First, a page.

It's worth pausing for a moment to consider exactly what opportunity this presented to a newcomer to the sometimes staid world of Cape wine. Singh owned property in a well-known - even fashionable - location but its status as a wine producer was entirely untested. He needed a winemaker, and while there's no shortage of trained and technically skilled candidates, no one (except the most mercenary) would readily leave an established position for the uncertainties of this kind of start-up. Ordinarily, significant equity in small, enormously successful, owner-operated wine businesses like Mullineux's is not for sale. Buying into a going concern with clear upward potential and paying on multiple rather than on unknown prospects, while simultaneously solving the problem of attracting top winemaking skills, is an unlikely double whammy. Imbuing the new project with an instant profile just added to the value of the coup.

    Andrea and Chris Mullineux had enjoyed a meteoric rise in the world of Cape wine. While still completing his undergraduate studies at Stellenbosch, Chris went straight to what became Tulbagh Mountain Vineyards, while it was still in its development phase. This was a mere 12 years ago. He oversaw some of the plantings as well as the establishment of the cellar and made its first very successful vintages. When the property was sold in 2008, the Mullineuxs set up their own small cellar in Riebeek-Kasteel. A little more than six years later their operation was judged the Winery of the Year by Platter's South African wine guide - an accolade reserved for the best producer in the country. With four 5-star wines in the 2014 edition to go with the seven 5-star awards they had collected since they had launched their wine business, they instantly joined the elite ranks of the most successful producers in the 35-year history of the Guide.

    The top end of the wine market is always a precarious place to inhabit. No matter how good you are, no matter how meticulous your selection, no matter how modestly you accept the accolades, everyone is waiting to see you fail. The mere fact that you have become the benchmark that others are determined to outperform makes you rather like the marathon runner who sets the pace but is at risk of running out of steam. Then there is the question of fashion: to be á la mode today means that at some stage in the not-too-distant-future the caravan will have moved on. No matter how good you are, no matter how consistent your performance, there is a perceived value to novelty. The trade likes change. No wonder even the most competent and adept find life at the pinnacle lonely and life-threatening.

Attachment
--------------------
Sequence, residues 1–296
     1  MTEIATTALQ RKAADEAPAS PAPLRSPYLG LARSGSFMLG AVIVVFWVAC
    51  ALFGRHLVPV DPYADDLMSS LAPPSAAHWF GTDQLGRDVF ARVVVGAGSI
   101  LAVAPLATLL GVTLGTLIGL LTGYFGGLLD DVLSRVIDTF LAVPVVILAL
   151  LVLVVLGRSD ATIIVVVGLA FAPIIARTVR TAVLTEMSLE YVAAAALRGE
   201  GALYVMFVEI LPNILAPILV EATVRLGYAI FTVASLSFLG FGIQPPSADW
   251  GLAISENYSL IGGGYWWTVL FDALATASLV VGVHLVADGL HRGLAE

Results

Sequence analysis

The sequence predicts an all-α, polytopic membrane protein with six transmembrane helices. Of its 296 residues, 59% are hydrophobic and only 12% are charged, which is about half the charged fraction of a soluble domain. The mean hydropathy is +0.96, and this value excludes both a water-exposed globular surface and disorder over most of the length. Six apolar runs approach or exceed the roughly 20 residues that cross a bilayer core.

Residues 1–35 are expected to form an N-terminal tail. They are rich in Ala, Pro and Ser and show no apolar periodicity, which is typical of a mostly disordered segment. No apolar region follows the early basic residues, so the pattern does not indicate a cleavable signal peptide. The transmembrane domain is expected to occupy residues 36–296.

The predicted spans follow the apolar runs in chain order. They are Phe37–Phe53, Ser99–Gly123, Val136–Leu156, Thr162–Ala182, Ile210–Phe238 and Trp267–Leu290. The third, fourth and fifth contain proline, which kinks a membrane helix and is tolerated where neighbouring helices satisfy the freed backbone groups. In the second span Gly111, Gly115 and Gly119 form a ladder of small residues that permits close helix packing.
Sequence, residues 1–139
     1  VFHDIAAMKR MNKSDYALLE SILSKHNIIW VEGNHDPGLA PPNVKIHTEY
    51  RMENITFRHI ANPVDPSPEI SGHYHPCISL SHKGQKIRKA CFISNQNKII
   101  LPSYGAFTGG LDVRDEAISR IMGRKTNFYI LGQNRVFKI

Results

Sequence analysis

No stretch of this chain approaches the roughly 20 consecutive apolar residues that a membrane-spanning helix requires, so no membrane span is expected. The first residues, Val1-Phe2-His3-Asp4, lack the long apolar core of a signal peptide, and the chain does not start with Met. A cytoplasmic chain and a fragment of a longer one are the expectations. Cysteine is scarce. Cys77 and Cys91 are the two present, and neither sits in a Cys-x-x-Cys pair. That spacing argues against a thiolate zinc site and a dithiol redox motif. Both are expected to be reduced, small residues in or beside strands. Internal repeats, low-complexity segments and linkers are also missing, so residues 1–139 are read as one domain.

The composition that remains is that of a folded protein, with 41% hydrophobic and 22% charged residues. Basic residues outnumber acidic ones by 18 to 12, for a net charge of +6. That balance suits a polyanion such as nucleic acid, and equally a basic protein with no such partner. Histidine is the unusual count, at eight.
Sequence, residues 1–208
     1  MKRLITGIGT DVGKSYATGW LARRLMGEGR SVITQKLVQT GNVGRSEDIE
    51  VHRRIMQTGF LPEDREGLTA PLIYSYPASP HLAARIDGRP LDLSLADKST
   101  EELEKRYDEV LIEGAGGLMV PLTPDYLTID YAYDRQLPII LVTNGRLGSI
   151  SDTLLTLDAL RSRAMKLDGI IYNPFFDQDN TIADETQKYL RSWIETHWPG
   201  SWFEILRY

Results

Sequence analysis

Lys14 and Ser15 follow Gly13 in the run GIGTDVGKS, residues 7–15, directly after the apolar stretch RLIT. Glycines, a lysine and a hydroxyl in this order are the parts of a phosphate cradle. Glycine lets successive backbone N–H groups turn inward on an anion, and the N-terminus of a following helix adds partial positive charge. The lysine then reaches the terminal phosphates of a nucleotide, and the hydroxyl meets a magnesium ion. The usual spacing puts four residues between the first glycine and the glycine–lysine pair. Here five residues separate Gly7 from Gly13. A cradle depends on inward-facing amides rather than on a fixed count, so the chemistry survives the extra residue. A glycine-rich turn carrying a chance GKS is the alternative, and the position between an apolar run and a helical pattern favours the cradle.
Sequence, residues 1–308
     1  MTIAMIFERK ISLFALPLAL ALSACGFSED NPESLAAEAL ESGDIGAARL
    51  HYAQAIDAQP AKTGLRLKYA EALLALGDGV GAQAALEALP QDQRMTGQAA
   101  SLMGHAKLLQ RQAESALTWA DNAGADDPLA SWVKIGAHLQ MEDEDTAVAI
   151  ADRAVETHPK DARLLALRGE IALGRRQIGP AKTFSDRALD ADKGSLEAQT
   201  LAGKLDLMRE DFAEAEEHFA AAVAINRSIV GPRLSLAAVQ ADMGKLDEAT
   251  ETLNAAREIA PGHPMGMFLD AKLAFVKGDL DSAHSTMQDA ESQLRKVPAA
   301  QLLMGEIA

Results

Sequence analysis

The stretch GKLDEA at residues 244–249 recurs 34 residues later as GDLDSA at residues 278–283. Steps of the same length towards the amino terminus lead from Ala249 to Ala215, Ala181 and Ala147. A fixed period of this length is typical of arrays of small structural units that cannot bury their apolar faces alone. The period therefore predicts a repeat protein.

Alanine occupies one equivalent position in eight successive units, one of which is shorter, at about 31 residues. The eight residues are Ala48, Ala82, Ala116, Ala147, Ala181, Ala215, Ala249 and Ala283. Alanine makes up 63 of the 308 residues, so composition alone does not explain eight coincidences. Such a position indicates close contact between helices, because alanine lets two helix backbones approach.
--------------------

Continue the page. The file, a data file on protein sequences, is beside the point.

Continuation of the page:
So here we have the Mullineuxs in the same high-risk space - every wine is good in its own right, and some cuvées, extraordinary by any standard. Their business model has some built-in safety features - a relatively new partner to provide the enterprise with the financial backing it may need, and low enough volumes to ensure the cellar is not enslaved to the commerce of wine. This balance is crucial - especially with overwhelming demand and limited vineyard ownership (much of the top fruit is contracted, though the winery team often manages the viticulture). Without this independence it's often impossible for producers to resist the temptation to release the high-priced cuvées even when the fruit isn't good enough to make the cut.

    Chris and Andrea Mullineux are very conscious of these dangers. Their Kloof Street range is designed to provide value wines for those of the cellar's followers who also want good everyday drinking. At R80 for the white and R90 for the red, they are arguably under-priced. The producers prefer it this way - they don't want these wines to become the statement of their aesthetic vision or a distraction from their primary objective, which is a focus on site-specificity. In a way, this forces them to make all the components of the more premium Mullineux range work, both for the wines and for the business.

    Essentially here the cellar offers a blended red (R240) and a blended white (R190). There are fewer of these than in the Kloof Street range, but significantly more than the single-site wines (Syrah and Chenin - defined in terms of the soils/geology of the vineyards). No doubt the purists will want to chase down the Schist or Granite Syrah - of which typically 100 cases of each are produced each year, and which sell for around R675 per bottle. For my money, however, the blends - which optimise the best features from these often wildly diverse locations - make for a better drink. I can't think of many Northern Rhône Syrahs to match the 2012 Mullineux that's just been released, and certainly not at less than three times the price.

    This, of course, is merely the starting point of the new partnership. The wines presently coming to market were either conceived or made before the Mullineuxs teamed up with Analjit Singh. The real fruits of their new partnership will only see the light of day when the properties currently being developed in Franschhoek yield their first harvest, and are transformed into wine. What is clear is that these will not be sold under the existing Mullineux label. There is talk that the Leeu part of the joint venture ("Leeu" is Afrikaans for "lion" - a play on words incorporating Singh's name and also the South African provenance) will appear as the brand name on the Franschhoek origin range. It also seems clear that "Bas" - as the Mullineux's refer to their partner, from the initials of his full name, Bhai Analjit Singh - will leave them to focus on its style: there's been no indication that he is trying to stamp his aesthetic vision on the wines.